The oceanographic sampling leads us to reaches of the Madre de Dios Archipelago that we have never seen before. Winding channels and fjords reveal a beautiful scenery and allow us to make a few exploratory dives of the area along with two other divers on board who are focusing on underwater videography.
After swapping out the two current meters in two different sites we began the process of photographing the long term monitoring experiments. To our surprise some of the recruitment plates we put out in March 2016 already had some life on them! Some anemones (closed up in this picture) are happy to colonize the free space.
We establish three sites in the canal and work feverishly to drill enough holes to install our equipment with the limited number of days we have left. The time it takes to drill is the bottleneck of the operation. With the force one must exert to operate the drill and remain in place against the current we are consuming air much more rapidly than normal. We install two current meters (seen in above photo). This device measures the speed and direction of the current in the canal, which seems to be wind driven by the neighboring larger bodies of water at either end of the canal. We assume that the current is wind driven because within a one hour period it can easily change directions entirely up to three times.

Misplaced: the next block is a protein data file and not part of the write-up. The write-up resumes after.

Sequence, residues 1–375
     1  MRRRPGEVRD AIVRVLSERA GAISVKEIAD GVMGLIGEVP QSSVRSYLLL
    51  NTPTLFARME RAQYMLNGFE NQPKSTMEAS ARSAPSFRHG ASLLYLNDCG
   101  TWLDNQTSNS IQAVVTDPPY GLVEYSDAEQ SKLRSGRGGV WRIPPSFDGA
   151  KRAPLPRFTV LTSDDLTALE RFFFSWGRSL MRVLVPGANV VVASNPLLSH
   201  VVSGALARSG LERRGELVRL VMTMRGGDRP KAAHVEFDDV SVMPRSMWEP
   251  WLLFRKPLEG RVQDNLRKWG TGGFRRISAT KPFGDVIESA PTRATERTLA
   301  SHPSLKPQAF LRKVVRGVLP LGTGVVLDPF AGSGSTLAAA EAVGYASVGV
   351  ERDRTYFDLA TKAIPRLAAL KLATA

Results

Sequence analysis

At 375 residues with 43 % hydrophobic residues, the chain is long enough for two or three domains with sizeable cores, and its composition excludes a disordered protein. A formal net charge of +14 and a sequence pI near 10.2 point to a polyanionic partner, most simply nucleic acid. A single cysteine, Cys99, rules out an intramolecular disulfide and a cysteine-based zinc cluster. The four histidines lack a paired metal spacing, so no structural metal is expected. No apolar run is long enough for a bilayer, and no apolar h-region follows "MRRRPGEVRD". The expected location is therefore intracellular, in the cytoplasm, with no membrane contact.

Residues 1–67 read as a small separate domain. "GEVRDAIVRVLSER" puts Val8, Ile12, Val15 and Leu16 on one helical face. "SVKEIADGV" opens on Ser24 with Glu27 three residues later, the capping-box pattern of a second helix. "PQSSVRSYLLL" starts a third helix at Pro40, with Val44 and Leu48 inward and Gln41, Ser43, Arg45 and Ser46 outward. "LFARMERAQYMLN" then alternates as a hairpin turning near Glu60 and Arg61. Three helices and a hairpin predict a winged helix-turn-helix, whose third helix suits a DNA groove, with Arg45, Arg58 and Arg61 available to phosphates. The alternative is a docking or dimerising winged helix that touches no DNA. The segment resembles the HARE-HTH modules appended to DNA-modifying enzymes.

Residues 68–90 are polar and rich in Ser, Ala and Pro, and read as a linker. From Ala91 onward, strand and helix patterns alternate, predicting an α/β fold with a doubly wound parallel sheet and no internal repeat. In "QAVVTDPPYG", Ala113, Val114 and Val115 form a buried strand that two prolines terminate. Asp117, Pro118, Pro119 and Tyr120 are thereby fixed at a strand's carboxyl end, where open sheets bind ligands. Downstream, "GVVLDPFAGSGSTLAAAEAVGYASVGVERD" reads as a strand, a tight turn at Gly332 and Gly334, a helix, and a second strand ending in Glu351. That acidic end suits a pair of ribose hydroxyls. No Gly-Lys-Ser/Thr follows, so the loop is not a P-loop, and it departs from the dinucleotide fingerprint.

We begin day after day of diving and underwater drilling to install our equipment. The rain beats down and the currents are some of the strongest we have ever experienced but we remain in high spirits, making the best of our time in this breathtaking place.